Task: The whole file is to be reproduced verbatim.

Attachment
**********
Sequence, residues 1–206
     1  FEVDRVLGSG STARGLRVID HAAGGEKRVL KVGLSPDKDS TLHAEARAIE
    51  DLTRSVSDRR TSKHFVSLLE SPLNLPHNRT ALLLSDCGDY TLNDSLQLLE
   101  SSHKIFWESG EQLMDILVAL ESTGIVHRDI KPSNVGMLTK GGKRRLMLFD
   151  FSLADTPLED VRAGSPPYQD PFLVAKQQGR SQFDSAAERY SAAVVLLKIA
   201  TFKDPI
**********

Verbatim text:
Sequence, residues 1–206
     1  FEVDRVLGSG STARGLRVID HAAGGEKRVL KVGLSPDKDS TLHAEARAIE
    51  DLTRSVSDRR TSKHFVSLLE SPLNLPHNRT ALLLSDCGDY TLNDSLQLLE
   101  SSHKIFWESG EQLMDILVAL ESTGIVHRDI KPSNVGMLTK GGKRRLMLFD
   151  FSLADTPLED VRAGSPPYQD PFLVAKQQGR SQFDSAAERY SAAVVLLKIA
   201  TFKDPI